Long-term follow-up of patients treated with short-term high-dose chlorambucil for sight-threatening ocular inflammation

Debra A. Goldstein*, Fernandino A. Fontanilla, Suruchi Kaul, Ozlem Sahin, Howard H. Tessler

*Corresponding author for this work

Research output: Contribution to journalArticlepeer-review

74 Scopus citations


Purpose: To determine the effectiveness of short-term high-dose chlorambucil in the treatment of sight-threatening uveitis and to ascertain the incidence of severe side effects, particularly late malignancy. Design: Retrospective, noncomparative interventional case series. Participants: Fifty-three patients treated at the University of Illinois at Chicago Eye and Ear Infirmary and the private office of one of the authors for severe sight-threatening uveitis. Methods: Treatment with short-term high-dose chlorambucil (2-9 months of therapy). Main Outcome Measure: Visual acuity and degree of inflammation were assessed at every visit. The development of systemic side effects, including malignancy, was assessed using a detailed questionnaire. Results: Total cumulative dose of chlorambucil ranged from 392 to 5200 mg with an average of 1429 mg. The maximum daily dose ranged from 10 to 30 mg with an average of 20 mg. Average duration of treatment was 16 weeks with a range of 7 to 40 weeks. Seventy-seven percent of patients treated were in remission with an average follow-up of 4 years (range: 6 months to 24 years). Forty-seven percent had at least two lines of improvement in Snellen visual acuity after treatment, with an average gain of 3.5 lines. Adverse effects include secondary amenorrhea, nonophthalmic herpes zoster, testicular atrophy, and erectile dysfunction. None of the patients had developed a malignancy as of their last follow-up. Conclusion: Short-term high-dose chlorambucil therapy may be a reasonable option in patients with intractable sight-threatening uveitis.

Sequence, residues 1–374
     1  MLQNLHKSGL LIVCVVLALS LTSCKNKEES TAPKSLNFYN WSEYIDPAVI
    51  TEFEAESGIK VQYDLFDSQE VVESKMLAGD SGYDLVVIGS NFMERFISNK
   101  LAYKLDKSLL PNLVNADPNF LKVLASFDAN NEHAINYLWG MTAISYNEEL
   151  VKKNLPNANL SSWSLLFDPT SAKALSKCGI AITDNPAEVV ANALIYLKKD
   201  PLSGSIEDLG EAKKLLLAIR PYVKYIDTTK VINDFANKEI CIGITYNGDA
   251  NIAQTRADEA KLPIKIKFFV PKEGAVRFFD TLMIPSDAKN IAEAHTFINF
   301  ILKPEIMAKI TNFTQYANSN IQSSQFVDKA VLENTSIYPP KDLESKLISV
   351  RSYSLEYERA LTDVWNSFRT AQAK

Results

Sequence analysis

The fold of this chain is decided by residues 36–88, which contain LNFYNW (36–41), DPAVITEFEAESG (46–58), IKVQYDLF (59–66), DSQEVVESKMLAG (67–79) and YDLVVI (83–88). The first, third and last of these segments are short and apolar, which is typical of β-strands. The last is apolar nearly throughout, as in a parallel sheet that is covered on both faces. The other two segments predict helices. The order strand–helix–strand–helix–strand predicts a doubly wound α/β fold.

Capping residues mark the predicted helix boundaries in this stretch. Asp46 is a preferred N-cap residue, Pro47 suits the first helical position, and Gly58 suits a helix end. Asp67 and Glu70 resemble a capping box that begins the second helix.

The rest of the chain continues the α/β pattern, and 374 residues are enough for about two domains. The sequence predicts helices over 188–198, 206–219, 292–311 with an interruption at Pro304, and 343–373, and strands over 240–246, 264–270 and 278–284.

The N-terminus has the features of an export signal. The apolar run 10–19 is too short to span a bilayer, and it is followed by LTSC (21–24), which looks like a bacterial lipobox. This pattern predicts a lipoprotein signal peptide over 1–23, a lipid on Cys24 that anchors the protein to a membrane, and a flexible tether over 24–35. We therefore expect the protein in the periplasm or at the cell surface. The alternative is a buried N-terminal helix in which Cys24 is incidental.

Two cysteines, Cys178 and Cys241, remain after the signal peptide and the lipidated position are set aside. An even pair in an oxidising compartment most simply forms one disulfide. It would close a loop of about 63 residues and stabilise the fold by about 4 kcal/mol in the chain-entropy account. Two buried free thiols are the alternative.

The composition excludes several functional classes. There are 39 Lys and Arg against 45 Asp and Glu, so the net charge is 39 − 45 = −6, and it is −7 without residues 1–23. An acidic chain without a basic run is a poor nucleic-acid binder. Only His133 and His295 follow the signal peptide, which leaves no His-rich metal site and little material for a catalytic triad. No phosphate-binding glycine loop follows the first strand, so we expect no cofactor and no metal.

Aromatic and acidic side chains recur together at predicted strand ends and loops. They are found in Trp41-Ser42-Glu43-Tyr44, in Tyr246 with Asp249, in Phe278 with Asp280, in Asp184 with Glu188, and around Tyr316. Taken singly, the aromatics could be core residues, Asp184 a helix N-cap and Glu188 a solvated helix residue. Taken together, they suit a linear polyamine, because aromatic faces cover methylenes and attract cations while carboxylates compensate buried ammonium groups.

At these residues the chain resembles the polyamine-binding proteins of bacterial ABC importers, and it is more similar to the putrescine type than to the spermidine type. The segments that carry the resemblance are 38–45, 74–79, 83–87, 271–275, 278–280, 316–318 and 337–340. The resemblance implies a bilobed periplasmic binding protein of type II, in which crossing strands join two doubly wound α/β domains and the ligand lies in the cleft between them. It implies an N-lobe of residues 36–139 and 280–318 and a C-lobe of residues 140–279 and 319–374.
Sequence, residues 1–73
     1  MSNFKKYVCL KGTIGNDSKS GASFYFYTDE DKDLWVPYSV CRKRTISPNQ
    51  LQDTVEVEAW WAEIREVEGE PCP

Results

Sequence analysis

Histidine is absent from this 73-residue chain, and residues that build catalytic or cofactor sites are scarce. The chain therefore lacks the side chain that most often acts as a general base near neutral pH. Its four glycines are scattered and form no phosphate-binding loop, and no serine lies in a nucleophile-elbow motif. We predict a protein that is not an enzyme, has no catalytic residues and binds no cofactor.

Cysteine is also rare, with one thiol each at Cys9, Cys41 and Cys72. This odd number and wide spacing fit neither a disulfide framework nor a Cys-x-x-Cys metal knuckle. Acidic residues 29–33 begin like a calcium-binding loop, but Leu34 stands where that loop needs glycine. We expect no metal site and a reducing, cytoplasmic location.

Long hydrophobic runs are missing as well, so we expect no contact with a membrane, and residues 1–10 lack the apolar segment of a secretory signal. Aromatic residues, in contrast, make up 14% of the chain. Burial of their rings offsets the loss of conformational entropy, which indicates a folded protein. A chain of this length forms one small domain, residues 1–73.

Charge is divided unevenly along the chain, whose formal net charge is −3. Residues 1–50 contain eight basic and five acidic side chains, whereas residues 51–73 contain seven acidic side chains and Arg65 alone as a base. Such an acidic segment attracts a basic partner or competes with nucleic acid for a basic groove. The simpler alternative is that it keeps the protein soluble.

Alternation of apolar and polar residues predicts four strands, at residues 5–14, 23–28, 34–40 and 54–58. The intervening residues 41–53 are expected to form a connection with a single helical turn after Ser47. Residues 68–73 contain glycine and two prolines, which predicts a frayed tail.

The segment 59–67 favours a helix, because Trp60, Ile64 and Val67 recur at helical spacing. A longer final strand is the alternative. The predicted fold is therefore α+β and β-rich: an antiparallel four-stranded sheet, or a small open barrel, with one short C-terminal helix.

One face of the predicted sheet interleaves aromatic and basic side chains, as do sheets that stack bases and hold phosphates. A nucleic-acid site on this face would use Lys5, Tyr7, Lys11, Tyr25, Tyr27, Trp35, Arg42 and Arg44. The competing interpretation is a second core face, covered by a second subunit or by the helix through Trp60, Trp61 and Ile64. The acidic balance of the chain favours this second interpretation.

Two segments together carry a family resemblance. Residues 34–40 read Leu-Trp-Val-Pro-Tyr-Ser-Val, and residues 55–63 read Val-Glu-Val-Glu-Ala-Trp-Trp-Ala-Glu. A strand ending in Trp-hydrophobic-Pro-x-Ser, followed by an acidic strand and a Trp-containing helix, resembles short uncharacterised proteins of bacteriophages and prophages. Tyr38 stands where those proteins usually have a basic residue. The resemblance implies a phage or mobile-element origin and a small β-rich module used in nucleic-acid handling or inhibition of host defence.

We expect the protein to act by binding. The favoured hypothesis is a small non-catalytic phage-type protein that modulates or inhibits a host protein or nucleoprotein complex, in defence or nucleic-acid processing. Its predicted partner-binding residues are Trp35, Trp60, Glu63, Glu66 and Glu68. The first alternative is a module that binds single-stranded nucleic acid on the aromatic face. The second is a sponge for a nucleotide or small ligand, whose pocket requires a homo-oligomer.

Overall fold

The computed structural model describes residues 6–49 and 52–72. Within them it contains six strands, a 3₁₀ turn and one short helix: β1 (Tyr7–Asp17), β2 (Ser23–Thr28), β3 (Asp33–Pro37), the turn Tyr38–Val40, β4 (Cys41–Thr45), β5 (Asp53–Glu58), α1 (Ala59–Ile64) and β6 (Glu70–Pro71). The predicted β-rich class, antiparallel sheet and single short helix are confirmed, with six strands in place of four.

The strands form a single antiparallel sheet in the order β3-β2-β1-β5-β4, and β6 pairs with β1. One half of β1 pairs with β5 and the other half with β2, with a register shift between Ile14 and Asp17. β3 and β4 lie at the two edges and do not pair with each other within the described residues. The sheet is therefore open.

Original languageEnglish (US)
Pages (from-to)370-377
Number of pages8
Issue number2
StatePublished - 2002

ASJC Scopus subject areas

  • Ophthalmology


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